The Vice-Chancellor of De Montfort University Leicester (DMU) has made some of his strongest statements yet in his campaign to ensure thousands of people wanting to study in the UK are made aware that DMU, Leicester and the UK are still open for business following the vote to leave the EU in June.
Professor Dominic Shellard was speaking to an audience in the German capital of Berlin as part of a Europe-wide campaign to reassure EU students that they are still welcome at DMU and other British universities.
Professor Shellard's #LoveInternational initiative was launched just after Britain voted by a narrow margin to leave the EU.
Since then the vice-chancellor and his team have visited Cyprus, Lithuania, Sweden, Poland and India to reassure international students, while promoting DMU and the city of Leicester as a rewarding place to study and live.
In Berlin, Professor Shellard was joined by DMU governor and former British ambassador to Brazil Alan Charlton, who spent some of his working life as a diplomat in Berlin, as well as Lucy Shackleton, Head of European Engagement at UniversitiesUK.
#LoveInternational has the backing of the Britain is Great campaign, a Government initiative promoting the UK to the world and which appointed DMU as its sole representative for higher education. Members of the British Consulate were also present at the event.
Professor Shellard, who spent a year living and working in Berlin in 1987/88 while a student, said: "I want you to know that in 1975 Britain voted to join the EU, with 67 per cent in favour. But it did not stop the Euro sceptics complaining about this decision for 41 years
"41 years after that, on 23 June 2016, 51 per cent of the British public (17 million) voted to leave the EU while 48.1 per cent (more than 16 million) voted to remain. This debate is not over.
"Those of us who believe that education is about dismantling barriers not erecting them are not going to suddenly accept that separating ourselves from Europe is either a sensible or necessary policy.
"Universities in the UK now have an absolutely vital role to promote diversity, inclusion and international commitment. We must not recoil into an insular mentality and cut ourselves off from everyone else.
"What I have come to say to you all today is that, despite the uncertainty, one thing has not changed and that is the quality of UK higher education.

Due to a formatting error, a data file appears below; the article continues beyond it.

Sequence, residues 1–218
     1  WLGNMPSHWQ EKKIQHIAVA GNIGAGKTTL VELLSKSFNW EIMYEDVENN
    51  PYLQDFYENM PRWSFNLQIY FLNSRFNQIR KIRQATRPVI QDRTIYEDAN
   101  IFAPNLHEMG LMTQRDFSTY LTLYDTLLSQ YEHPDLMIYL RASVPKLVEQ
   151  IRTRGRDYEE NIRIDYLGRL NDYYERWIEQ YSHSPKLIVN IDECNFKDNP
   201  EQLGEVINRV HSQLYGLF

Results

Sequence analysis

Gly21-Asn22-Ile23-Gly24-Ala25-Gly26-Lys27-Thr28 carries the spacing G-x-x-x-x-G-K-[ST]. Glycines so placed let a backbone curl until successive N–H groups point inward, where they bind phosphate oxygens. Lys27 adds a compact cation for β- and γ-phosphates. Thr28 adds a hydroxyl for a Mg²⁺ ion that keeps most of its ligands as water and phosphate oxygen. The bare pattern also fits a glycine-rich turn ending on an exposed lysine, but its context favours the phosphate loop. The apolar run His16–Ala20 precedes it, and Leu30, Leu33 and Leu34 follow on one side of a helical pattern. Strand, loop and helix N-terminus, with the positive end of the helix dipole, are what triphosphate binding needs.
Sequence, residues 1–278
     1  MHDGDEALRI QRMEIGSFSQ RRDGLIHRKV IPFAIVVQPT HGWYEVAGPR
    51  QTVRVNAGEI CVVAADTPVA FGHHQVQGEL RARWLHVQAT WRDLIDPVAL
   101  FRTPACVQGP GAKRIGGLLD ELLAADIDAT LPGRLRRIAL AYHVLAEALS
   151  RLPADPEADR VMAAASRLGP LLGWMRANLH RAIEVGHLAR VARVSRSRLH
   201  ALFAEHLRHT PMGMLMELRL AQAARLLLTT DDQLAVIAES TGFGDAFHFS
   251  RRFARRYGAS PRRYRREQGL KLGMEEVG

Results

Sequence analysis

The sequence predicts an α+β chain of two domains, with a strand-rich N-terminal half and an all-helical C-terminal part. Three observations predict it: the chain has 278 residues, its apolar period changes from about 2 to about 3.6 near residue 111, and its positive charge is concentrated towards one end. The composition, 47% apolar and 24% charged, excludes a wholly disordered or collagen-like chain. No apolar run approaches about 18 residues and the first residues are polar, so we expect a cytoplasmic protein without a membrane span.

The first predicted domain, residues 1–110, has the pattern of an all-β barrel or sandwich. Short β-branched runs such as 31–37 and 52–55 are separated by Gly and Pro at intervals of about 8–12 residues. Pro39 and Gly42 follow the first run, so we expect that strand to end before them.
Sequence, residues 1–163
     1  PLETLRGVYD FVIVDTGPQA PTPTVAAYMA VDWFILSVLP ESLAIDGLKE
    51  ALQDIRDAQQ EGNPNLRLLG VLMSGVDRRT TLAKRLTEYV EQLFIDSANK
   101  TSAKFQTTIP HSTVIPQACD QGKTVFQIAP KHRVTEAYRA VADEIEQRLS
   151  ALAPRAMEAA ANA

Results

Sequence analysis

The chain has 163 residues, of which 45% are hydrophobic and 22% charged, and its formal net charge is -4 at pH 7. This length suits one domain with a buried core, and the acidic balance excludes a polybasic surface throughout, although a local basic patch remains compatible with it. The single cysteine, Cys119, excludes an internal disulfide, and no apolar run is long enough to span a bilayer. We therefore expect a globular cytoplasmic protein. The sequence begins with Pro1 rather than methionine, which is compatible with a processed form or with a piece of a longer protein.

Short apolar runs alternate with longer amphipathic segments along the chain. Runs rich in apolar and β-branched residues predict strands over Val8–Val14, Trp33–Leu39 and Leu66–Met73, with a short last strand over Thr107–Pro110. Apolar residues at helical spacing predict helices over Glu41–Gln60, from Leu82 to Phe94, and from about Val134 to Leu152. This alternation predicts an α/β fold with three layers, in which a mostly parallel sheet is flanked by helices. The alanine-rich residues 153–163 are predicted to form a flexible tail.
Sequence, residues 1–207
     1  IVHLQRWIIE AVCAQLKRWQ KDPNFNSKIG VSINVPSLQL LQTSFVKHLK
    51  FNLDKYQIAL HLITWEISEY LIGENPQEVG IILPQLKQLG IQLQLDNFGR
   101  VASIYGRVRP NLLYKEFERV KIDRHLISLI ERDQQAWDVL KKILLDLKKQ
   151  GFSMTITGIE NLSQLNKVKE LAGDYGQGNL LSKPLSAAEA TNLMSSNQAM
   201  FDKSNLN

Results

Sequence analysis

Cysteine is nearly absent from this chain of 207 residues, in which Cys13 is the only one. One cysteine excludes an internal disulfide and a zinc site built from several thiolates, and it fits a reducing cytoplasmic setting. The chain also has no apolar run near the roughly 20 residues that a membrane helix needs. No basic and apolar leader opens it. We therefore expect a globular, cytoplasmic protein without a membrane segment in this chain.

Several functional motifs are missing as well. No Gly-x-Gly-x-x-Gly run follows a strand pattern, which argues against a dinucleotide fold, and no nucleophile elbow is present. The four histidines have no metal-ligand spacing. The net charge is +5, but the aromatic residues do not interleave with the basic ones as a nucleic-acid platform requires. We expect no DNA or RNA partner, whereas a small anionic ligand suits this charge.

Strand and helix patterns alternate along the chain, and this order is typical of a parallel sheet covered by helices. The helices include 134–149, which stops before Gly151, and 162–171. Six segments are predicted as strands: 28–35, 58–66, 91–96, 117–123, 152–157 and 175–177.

"As an undergraduate or post graduate you are still going to get one of the finest educations anywhere in the world."
Professor Shellard also presented a slide show promoting DMU's academic excellence as well as the new campus developments and student experiences such as #DMUglobal and DMU India. There was also time dedicated to our partnership with Premier League champions Leicester City and the city itself as a vibrant, tolerant place to live.
DMU Governor Alan Charlton, who was introduced as one of Britain's most distinguished diplomats, told the audience: "DMU is one of the great international universities which is so vibrant and offers so much to so many. I am very proud to be associated with it.
"I am delighted that, under the leadership of Dominic, DMU is making these efforts around Europe and putting out such a positive message.
"The true test of what is happening here is that after Brexit DMU will continue to have strong links with the rest of Europe and will be all the better for it.
"We are proud of Europe at DMU and if German students are wondering why they should come to Leicester it is because they will visit a neighbouring country - a European country - which cares about its links with the rest of the world."
Guests also heard from DMU students who have been in Berlin since Sunday working on projects with refugees organised by #DMUglobal. They have packaged up clothes, worked in a Refugee Cafe and taken an alternative refugee's tour of the city of Berlin.
Piyush Goraniya, who is studying his third year in Law, and Amber Leach, who is studying a Master's in Law, discussed the project and said how rewarding it had been.
Sarah Setchell, DMU's Director of People and Organisational Development, then hosted a Q&A session with two Europeans who work and study at DMU - Alex Erdlenbruch, who works as a executive officer, and Annabell Gast, who is a PhD student and part-time lecturer from Germany.
Annabell said: "What I love about DMU is spending time with people from different cultures. I have learned so much from the experience and it is one of DMU's strongest assets.
"When the Brexit vote happened I was shocked but it was so nice to be at a university which has been doing all it can to support you and wants you to stay. I felt so welcome and Leicester has become my home."
Posted on Friday 2nd September 2016